CHULA VISTA, CA, October 25, 2009 — More than one hundred of the world’s best BMX racers met in California for this year’s BMX Supercross World Cup, and thousands of spectators heard every squeal of the tires, thanks to a creative use of a Shure PSM ®700 personal in-ear monitoring system. BMX supercross
The action took place at the U.S. Olympic Training Center (OTC) race course in southern San Diego County. The state-of-the-art track was modeled after the course at the Beijing Olympics, but the three-acre site created some challenges as far as audio was concerned. With leased audio systems costing close to $30,000 per event, OTC officials decided the World Cup was the perfect opportunity to install a permanent sonic infrastructure that could be expanded as needs arose.
The OTC enlisted the help of Quiet Voice Audio of Fallbrook to design and build the system. “The rental systems previously used at the OTC were mainly generic in their approach,” explained Quiet Voice founder and Principal Jon Bart. “As a result, obtaining full coverage and the volume needed for these high-energy special events often fell short.”
Bart began by inspecting the race course and adjacent areas, only to discover the absence of conduits needed for loudspeaker cable runs and balanced audio feed lines. Electrical outlets were also minimal at best—three to be exact—over the entire coverage area.
“There was, however, a tower located on the east side of the track that could serve as a vantage point for mixing and as a main system control center,” Bart said. “The question remaining was how to get our audio signals from there to all points of coverage. With seating on all four sides, the track needed a lot more than the single point source arrays that had been used by many of the rental sound companies in the past.”
With little to no hope of developing a totally hard-wired distributed system plan, given the lack of conduits and power, Bart decided wireless was the solution. “It was only logical,” Bart said. “Why not use UHF-FM to get our signals across some of the distances involved, and never mind the need for loudspeaker lines? We wanted to see how far we could push the envelope distance-wise with full quieting.”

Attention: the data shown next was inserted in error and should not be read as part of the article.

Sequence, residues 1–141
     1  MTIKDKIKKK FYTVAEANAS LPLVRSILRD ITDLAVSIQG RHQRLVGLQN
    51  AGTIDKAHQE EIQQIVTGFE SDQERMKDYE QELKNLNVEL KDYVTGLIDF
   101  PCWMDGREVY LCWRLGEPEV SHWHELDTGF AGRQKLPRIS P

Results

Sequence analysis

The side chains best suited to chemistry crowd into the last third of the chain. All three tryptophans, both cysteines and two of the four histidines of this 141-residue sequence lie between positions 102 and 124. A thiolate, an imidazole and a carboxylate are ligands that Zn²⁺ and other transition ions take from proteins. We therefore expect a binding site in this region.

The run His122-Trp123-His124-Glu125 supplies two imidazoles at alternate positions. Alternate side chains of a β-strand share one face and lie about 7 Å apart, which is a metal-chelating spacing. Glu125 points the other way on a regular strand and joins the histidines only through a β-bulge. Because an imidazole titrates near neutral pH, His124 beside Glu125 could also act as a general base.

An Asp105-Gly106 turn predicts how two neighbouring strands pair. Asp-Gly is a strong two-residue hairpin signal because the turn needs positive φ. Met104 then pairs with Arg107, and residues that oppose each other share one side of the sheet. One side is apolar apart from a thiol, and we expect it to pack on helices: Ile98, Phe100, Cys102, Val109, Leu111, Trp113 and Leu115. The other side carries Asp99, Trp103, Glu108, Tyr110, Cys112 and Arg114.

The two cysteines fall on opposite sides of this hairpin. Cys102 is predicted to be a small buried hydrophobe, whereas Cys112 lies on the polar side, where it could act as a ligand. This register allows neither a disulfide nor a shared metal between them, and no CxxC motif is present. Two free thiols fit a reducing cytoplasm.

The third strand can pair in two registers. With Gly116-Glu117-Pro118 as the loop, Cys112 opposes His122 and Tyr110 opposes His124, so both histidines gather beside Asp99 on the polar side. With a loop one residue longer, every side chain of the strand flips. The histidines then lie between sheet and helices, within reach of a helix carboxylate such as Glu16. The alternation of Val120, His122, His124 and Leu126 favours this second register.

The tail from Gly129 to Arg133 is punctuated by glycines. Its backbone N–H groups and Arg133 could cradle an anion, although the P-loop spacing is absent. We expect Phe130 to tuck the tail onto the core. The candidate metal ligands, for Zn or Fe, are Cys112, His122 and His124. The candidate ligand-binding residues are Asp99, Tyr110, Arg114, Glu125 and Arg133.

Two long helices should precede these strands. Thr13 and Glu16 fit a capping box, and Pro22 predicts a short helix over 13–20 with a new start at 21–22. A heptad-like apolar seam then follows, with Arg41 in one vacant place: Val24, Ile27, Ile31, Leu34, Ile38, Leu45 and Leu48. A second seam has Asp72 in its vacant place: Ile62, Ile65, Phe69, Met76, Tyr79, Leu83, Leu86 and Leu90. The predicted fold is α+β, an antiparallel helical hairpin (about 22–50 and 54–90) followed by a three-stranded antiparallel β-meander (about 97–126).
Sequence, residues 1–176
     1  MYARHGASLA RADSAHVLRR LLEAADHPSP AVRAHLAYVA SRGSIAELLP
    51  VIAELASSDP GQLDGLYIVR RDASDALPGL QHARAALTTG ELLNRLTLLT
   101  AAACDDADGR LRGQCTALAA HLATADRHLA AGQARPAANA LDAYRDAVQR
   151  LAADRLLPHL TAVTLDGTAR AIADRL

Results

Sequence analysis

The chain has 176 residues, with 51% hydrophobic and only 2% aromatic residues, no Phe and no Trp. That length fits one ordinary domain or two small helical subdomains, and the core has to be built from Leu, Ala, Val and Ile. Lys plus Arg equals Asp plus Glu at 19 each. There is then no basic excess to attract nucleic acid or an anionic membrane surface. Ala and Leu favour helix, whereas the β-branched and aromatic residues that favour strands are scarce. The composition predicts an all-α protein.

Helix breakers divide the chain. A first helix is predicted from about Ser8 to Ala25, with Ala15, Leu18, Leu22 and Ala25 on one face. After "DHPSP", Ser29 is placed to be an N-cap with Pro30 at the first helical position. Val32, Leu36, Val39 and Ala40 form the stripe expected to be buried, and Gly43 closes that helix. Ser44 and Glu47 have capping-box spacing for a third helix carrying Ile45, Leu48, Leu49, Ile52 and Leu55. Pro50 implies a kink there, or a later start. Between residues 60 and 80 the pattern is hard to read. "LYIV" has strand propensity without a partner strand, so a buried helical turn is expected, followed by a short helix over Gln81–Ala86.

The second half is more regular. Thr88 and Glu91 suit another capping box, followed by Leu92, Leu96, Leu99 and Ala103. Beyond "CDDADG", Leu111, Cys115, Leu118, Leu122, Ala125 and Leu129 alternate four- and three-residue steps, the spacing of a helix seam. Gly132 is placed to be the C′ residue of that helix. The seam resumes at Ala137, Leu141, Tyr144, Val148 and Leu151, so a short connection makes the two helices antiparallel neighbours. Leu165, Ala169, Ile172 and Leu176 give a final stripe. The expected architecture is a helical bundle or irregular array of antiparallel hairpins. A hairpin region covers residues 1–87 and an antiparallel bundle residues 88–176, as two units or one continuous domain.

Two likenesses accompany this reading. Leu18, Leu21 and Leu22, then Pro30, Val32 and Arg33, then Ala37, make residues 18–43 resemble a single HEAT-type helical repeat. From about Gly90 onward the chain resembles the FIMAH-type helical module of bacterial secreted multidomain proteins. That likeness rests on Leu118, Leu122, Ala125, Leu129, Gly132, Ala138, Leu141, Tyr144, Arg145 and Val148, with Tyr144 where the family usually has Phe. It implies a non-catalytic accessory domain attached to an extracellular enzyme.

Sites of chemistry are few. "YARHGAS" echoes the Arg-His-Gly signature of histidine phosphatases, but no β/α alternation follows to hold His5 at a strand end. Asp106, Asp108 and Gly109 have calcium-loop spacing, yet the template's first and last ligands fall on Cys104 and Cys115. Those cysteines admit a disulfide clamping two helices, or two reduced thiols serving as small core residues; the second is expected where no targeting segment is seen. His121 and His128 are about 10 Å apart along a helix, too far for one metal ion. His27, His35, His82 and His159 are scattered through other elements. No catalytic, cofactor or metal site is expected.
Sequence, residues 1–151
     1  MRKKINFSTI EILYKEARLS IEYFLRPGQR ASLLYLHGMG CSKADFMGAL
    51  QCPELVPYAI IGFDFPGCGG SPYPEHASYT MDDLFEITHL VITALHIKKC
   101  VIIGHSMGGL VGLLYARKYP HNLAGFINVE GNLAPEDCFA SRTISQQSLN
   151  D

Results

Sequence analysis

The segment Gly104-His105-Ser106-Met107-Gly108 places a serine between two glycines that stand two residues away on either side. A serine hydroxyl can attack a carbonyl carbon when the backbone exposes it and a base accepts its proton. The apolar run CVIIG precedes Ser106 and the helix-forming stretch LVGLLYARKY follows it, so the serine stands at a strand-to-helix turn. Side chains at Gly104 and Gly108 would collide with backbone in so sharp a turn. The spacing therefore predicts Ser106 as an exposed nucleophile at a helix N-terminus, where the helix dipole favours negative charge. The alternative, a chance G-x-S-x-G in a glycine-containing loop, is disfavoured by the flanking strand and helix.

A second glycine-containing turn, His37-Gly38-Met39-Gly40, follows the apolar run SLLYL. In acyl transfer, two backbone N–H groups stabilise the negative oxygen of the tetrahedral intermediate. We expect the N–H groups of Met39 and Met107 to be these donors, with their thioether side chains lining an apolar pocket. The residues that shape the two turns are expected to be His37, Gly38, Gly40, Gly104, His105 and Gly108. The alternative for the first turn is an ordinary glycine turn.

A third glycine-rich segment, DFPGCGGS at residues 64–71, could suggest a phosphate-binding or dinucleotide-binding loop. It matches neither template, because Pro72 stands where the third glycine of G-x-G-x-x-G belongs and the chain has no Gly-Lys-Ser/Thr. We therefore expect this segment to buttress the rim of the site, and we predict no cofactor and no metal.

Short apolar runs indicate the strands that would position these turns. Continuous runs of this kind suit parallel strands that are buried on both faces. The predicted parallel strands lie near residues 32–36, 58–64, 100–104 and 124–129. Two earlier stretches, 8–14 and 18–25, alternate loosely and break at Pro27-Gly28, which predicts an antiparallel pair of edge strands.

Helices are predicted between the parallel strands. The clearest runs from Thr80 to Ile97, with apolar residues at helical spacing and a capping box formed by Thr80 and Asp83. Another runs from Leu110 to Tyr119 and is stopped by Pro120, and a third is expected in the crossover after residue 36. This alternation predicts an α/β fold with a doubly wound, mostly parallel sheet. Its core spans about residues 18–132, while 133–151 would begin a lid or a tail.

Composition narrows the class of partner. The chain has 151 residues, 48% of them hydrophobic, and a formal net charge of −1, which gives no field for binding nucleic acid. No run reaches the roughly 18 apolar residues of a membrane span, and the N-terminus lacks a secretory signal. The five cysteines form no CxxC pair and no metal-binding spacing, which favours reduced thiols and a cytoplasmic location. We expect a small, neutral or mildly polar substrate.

With a total of 14 self-powered loudspeakers distributed around the track, Quiet Voice decided to take a trailblazing step and use a Shure PSM® 700 personal in-ear monitoring system in a unique way. Made safe by mounting inside of a weatherproof Pelican box outfitted with a Lemo connector for an antenna connection, a TRS 3.5mm connector to manage audio output, and a Shure PS9US 9V battery eliminator with a female 9V terminal clip added, the PSM ®700 receiver was attached to the side of one of the self-powered loudspeakers distributed on the opposite side of the track facing the control tower. Using Shure paddle antennas at the receiver and transmitter end in the tower, Quiet Voice took the wireless signal received at the single loudspeaker location on the other side of the track and fed it to 8 of the 14 loudspeakers via standard balanced lines. The remaining six loudspeakers near the control tower were wired with conventional cabling.
“Shure’s PSM® 700 system was a natural choice, due to its size, wide frequency response, smooth compression, quiet operation, and rugged construction,” Bart remarked. “It also allowed us to get clean, full-quieting signals from point-to-point using off-the-shelf directional antennas. Now we have plenty of room for future growth throughout the OTC, since we can easily cover larger areas by simply adding more receivers at additional points across the complex.”
The unorthodox wireless design proved to be a success on race day, when the emcees used Shure ULX Beta 58 wireless microphones, and, according to Bart, “cut through the night like a laser above the DJ track. If you’re a sound person, you know that feeling when everything is working. The race introduction rolled into the Pledge of Allegiance and National Anthem. Then the Navy SEAL Leap Frogs parachuted onto the track trailed by colored smoke and an American flag. The crowd went nuts, but you could still clearly hear the voices of the emcees above it all. We live for that, and the OTC staff and sponsors were pleased as well.”
Like everyone else, Bart likes a story with a happy ending. The BMX Supercross World Cup was a win-win proposition in terms of audio, with Bart and his crew getting an opportunity to think creatively and use high quality Shure components in ways not normally envisioned.